WATERVILLE — One of the unsung heroes in Maine’s drive to prepare our homes and businesses for a secure energy future is the Regional Greenhouse Gas Initiative. It set the nation’s first multistate mandatory limit on carbon dioxide emissions and was founded with strong bipartisan support. Interestingly, contrary to stereotypes, the initiative was started by a Republican governor, George Pataki of New York, and today a majority of the nine RGGI states are Republican-led, including Maine.

In part, this bipartisan support results from the fact that RGGI and other carbon-pricing programs are market-based and are known to be the most cost-effective means of achieving reductions in CO2 emissions. Support also flows, however, from the economic boost that the states have experienced since RGGI was implemented.

Independent analysis has shown that on net, since RGGI began, the size of our economy has increased while energy costs and pollution have been reduced, with large health benefits. Compared with non-RGGI states, the region has reduced emissions faster, increased the total economy more and seen electricity prices decline, while others have seen increases.

At a time when many in Washington, D.C., are withdrawing from action on climate change, cities, states and regions are stepping up. We are leading, and we are also directly benefiting.

As RGGI undergoes one of its periodic reviews, it is important to understand what is at stake. In examining the history of RGGI, it is clear that businesses and homeowners have done their part, but the governing board of RGGI has not. In particular, it has been too timid.

Although the program had set emissions caps that declined over time, the chosen decline trajectories fell well short of what the market was capable of achieving and was ready to undertake. The directors, who are none other than the administrations of the nine states from Maine to Maryland, have an opportunity to correct that failure for the future by choosing a more aggressive and advantageous decline of the caps.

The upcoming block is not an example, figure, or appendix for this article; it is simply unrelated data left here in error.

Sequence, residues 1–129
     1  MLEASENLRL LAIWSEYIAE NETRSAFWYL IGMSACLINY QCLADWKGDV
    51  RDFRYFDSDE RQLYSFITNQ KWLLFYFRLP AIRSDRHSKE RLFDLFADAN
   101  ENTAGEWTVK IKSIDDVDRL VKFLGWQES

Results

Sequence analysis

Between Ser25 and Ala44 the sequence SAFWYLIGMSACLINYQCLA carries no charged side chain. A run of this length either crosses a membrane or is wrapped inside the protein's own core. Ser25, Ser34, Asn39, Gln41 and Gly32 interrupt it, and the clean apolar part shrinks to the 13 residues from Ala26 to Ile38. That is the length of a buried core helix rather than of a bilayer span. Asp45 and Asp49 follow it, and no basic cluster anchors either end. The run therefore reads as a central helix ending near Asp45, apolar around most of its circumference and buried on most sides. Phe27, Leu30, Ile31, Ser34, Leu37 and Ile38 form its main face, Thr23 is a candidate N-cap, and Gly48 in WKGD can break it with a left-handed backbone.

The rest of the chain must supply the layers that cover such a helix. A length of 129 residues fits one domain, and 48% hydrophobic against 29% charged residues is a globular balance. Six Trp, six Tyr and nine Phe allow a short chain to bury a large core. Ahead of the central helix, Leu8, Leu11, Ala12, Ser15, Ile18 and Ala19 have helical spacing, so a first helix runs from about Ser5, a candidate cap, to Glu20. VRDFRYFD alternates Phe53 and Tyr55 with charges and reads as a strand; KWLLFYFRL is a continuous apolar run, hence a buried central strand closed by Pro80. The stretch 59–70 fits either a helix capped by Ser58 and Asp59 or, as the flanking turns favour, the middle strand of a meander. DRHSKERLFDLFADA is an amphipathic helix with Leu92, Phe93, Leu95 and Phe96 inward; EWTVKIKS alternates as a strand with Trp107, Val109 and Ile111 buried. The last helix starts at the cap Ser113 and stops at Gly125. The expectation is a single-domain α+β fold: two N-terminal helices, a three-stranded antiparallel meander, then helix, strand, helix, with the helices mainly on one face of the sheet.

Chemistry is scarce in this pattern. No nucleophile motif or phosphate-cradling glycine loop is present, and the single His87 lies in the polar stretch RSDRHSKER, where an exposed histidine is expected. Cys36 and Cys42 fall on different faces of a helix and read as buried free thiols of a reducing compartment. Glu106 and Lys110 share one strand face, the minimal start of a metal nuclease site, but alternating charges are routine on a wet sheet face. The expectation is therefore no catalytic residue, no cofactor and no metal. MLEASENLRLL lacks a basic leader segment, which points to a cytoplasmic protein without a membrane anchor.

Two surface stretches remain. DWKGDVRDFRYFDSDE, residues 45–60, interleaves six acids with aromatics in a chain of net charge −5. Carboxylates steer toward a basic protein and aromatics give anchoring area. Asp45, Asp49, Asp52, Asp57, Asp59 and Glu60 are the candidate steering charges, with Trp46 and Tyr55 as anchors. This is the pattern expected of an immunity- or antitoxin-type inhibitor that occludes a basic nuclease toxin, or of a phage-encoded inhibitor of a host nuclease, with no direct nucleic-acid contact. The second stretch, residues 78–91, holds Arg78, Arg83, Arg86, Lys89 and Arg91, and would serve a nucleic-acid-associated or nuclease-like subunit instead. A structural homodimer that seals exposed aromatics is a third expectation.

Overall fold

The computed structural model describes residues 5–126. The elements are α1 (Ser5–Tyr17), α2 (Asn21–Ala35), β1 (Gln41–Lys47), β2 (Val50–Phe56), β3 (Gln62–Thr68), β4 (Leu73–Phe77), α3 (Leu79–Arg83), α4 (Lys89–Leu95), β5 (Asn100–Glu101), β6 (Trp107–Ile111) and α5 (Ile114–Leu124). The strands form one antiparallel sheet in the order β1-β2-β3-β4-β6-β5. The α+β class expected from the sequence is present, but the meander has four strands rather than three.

Why should it matter? It matters environmentally because emissions reductions benefit our climate, but it also matters because increasing the stringency of the cap increases the amount of revenue raised by RGGI, and that revenue is used to fund energy-efficiency improvements here in Maine. RGGI funds are a major source of revenue for Efficiency Maine, and are combined with other funds to help businesses and homeowners use energy more efficiently and cut their energy bills.

Consider just two examples of how energy-efficiency investments made possible by RGGI funding have worked in practice to strengthen some of our major employers. They illustrate the important role that efficiency plays in positioning Maine for a secure energy future.

The Jackson Laboratory, Hancock County’s largest employer, is a world-class biomedical research facility dedicated to finding cures for cancer and other risks to human health. It also supplies mice to research facilities around the world.

Raising mice requires a precise temperature- and humidity-controlled environment, and providing that environment was proving to be quite expensive. With assistance from Efficiency Maine, The Jackson Laboratory built a combined heat and power plant that was fueled by wood pellets. In that plant, steam generated by the wood-pellet boiler not only supplies various heating needs, but also drives a turbine that generates electricity on site. By generating some of its own power in a sustainable, cost-effective fashion, the lab also helps insulate itself against some of the price volatility in electricity markets. Its complementary investments in energy-efficient lighting and other improvements have further cut overall power needs, and hence, costs.

Another example is Hannaford Supermarkets, Maine’s largest employer. It used two RGGI-funded grants to install more efficient lighting throughout refrigerated areas in its distribution center and in display cases. Using ultra-efficient LED lights, these investments have saved about $200,000 in energy costs every year.

Recipients of other RGGI-funded grants include Huhtamaki, the Lewiston-Auburn Water Pollution Control Authority, Mt. Abram Ski Area, Sappi Paper, Sugarloaf, Twin Rivers Paper and the University of Maine, as well as other important employers.

With results like these, it is no surprise that a recent poll of Mainers found that 77 percent would favor strengthening RGGI by more rapid reductions in the cap. This would mean more revenue, more funding for Efficiency Maine, more energy-efficient investments, less wasted energy and fewer emissions. We hope the RGGI directors, including officials here in Maine, can shed their timidity and make the right choice.

 

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